Economy

Used-car sales ring in double-digits growth even as new-car sales slump

Nandana James Mumbai | Updated on January 13, 2020 Published on January 11, 2020

Used-cars remain insulated from the prolonged slowdown beleaguering its new-car counterpart, where passenger vehicle sales declined year-on-year by 16.40 per cent

Used-car sales are registering double-digits growth at a time when auto sales are on the slide. This is thanks to a slew of factors, such as the reluctance to invest in a new car during an economic downturn, increased affinity for value consciousness, better quality of vehicles coming into the used-car market and increased penetration of organised players.

The impending transition to BS-6 emission norms from April 1, 2020, also augurs well for the used-car market, as its value proposition gets a boost thanks to the increased price gap between used-cars and new cars. The expected increased supply to the used-car market due to the ongoing liquidation of BS-4 cars will also help, experts said.

Used-cars remain insulated from the prolonged slowdown beleaguering its new-car counterpart, where passenger vehicle sales declined year-on-year by 16.40 per cent during April-December 2019. Used-cars registered a growth of about 12 per cent in 2019, compared to 2018 (calendar year), with the total used-cars market clocking up volumes of around 42 lakh units in 2019, Ashutosh Pandey, CEO, Mahindra First Choice Wheels, told BusinessLine.

All players in the used-car market that BusinessLine reached out to affirmed a double-digit year-on-year(y-o-y) growth for the overall used car market.

While the slowdown in the new-car market as well as the overall subdued sentiments in the economy have affected the used-car market, its impact hasn’t been pronounced enough to result in falling sales, experts said.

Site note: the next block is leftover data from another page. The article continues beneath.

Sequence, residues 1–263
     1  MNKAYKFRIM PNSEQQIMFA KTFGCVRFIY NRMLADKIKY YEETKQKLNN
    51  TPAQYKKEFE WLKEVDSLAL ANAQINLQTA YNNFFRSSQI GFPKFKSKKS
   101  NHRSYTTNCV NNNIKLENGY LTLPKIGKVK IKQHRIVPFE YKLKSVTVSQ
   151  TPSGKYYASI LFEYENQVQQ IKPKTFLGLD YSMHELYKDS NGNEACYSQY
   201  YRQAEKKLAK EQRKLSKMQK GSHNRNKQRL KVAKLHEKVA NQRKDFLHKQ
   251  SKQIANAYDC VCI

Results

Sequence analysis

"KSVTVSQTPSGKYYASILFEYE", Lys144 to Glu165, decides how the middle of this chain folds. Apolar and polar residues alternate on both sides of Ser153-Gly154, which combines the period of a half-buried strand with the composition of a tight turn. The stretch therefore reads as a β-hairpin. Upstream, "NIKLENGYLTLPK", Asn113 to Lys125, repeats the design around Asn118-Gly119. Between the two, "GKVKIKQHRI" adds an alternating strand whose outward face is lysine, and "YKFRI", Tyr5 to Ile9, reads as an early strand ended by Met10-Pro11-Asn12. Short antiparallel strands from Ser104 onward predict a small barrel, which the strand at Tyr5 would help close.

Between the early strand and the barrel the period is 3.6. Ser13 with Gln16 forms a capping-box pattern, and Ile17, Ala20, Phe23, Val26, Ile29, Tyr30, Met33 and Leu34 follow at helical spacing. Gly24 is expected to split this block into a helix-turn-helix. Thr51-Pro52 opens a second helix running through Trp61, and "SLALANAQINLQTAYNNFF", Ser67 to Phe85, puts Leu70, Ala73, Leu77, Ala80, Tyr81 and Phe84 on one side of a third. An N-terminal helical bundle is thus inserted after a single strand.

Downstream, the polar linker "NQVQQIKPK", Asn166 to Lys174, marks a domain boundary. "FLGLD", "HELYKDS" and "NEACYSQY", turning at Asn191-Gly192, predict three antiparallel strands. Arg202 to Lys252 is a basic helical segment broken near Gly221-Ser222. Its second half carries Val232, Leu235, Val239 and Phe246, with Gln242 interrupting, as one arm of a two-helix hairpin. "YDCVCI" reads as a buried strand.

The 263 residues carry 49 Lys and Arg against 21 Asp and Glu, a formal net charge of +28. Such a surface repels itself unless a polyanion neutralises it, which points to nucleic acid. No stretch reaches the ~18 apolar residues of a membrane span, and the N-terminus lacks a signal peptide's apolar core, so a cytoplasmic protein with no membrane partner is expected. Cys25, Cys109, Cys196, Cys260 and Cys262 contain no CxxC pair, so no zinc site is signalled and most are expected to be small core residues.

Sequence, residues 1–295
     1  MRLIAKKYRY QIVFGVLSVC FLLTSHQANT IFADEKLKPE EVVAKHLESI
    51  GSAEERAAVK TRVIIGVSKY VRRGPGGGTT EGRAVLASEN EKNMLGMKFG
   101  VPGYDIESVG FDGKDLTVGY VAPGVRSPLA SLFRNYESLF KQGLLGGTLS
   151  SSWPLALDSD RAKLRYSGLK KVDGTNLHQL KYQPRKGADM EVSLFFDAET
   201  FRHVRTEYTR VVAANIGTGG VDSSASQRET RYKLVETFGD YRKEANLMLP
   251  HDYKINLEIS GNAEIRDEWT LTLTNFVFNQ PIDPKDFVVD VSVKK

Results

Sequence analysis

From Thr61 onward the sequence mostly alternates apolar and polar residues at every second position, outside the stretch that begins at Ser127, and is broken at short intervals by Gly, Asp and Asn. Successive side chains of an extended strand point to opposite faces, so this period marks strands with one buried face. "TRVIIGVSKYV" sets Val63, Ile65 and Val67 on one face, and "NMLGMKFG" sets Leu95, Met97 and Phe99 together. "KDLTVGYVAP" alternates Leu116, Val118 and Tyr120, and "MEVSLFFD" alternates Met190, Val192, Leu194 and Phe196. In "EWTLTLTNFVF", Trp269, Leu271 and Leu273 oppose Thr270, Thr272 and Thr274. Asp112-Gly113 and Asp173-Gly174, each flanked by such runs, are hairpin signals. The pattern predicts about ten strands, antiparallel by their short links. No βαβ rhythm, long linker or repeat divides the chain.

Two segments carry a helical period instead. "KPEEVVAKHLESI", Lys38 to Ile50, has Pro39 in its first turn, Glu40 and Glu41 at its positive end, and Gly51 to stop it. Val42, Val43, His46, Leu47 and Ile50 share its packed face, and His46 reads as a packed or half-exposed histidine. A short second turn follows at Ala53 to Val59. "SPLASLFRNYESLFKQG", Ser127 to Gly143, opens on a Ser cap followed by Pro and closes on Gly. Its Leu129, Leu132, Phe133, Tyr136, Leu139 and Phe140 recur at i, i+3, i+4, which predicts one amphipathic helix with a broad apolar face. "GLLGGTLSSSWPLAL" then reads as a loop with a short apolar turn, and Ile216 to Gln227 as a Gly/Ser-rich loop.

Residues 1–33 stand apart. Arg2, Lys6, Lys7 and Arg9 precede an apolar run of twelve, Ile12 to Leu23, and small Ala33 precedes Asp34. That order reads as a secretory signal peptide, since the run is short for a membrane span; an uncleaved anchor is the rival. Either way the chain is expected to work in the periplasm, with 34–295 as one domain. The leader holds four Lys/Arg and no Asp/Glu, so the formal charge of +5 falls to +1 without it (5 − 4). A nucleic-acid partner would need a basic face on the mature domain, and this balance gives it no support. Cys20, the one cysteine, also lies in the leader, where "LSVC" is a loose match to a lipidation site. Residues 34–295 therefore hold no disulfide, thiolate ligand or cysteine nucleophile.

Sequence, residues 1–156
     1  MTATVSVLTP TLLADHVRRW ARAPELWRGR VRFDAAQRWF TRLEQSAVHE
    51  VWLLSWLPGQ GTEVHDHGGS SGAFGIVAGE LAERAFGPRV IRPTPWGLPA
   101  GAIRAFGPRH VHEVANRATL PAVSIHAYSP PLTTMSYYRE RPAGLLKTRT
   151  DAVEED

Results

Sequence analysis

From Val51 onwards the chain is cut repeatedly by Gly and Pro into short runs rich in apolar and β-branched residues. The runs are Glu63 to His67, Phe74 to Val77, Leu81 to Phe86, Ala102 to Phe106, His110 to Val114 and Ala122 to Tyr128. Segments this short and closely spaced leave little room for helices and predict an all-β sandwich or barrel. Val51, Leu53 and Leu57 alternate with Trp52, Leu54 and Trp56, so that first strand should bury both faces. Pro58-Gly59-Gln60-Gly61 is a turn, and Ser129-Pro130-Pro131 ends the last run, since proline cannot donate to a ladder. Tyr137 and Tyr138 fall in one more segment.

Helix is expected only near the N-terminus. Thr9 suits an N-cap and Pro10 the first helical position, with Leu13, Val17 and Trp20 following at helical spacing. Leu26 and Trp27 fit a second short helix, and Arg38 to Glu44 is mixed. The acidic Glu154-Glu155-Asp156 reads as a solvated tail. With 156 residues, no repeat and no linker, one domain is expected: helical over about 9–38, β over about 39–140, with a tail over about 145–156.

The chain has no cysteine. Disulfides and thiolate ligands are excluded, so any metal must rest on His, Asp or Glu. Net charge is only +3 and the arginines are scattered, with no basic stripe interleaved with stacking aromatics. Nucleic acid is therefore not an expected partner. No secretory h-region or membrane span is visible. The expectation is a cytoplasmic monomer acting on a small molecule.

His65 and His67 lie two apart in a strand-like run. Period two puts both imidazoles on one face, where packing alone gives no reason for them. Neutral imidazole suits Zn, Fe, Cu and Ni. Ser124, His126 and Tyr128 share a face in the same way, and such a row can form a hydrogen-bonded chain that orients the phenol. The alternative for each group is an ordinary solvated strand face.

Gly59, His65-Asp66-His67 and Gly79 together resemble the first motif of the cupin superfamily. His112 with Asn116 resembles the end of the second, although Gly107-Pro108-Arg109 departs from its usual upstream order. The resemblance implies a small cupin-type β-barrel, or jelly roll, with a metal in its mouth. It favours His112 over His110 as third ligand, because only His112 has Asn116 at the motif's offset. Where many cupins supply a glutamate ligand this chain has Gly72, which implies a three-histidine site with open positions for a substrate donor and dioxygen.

In fact, the used-car industry has been growing at 10-15 per cent per annum over the past few years, according to Pandey. The total number of used cars in the car parc is quite sizeable — comprising cars sold in the last five to six years — which essentially translates to the slowdown in the new-car market not having an immediate effect on used-cars, he said.

Better availability, more transparent pricing of used-cars than earlier, and scope for further consolidation and improvement in the market aided by the increasing penetration of the organised used-car market are among reasons pointed out by Shashank Srivastava, Executive Director, Marketing & Sales, Maruti Suzuki India. Maruti Suzuki True Value is the company’s pre-owned car sales network.

According to the latest research by IndianBlueBook, a used-car pricing guide by Mahindra First Choice Wheels, the penetration of organised players in the used-cars market has been increasing continuously — rising from 12 per cent in 2015 to 18 per cent now. This bolsters customers’ confidence in areas such as pricing, vehicle condition and post-sale service, said Pandey.

“The longer-term structural factors providing a fillip to the used-car market in the country are better quality of vehicles coming into the used-car market, which is accelerating the upgrade from two-wheelers to cars; better financing options; increased organisation of the industry by players such as Mahindra First Choice, and the strong ‘economy’ proposition of the used vehicles,” said Pandey.

Those looking to change to a new car will first sell their existing car. Almost 30-35 per cent of the sale of new car sales happen with such an exchange, said Amit Jain, co-founder and Chief Executive, CarDekho, an online automotive marketplace that has a retail auction model for pre-owned cars. “If you are buying a new car, you will end up selling your used-car due to limited parking place. New-car sales this year will be around 28 lakh to 30 lakh units. So, in all fairness, the used-car has to go out to accommodate a new one,” he said.

The propensity of consumers to reduce their discretionary spending and resort to deals during the time of an economic downturn has aided the growth of the used-car market, said Sunny Kataria, VP, Auto OLX India. OLX sells second-hand goods, ranging from smartphones to high-end cars on its platform. On average, pre-owned cars are 20-30 per cent cheaper than new cars, he said.

Historically too, used-car sales have had less volatile reactions to market shocks than new cars, such as during the 2009 recession, said Shubh Bansal, Co-Founder, Truebil, a virtual marketplace for pre-owned cars.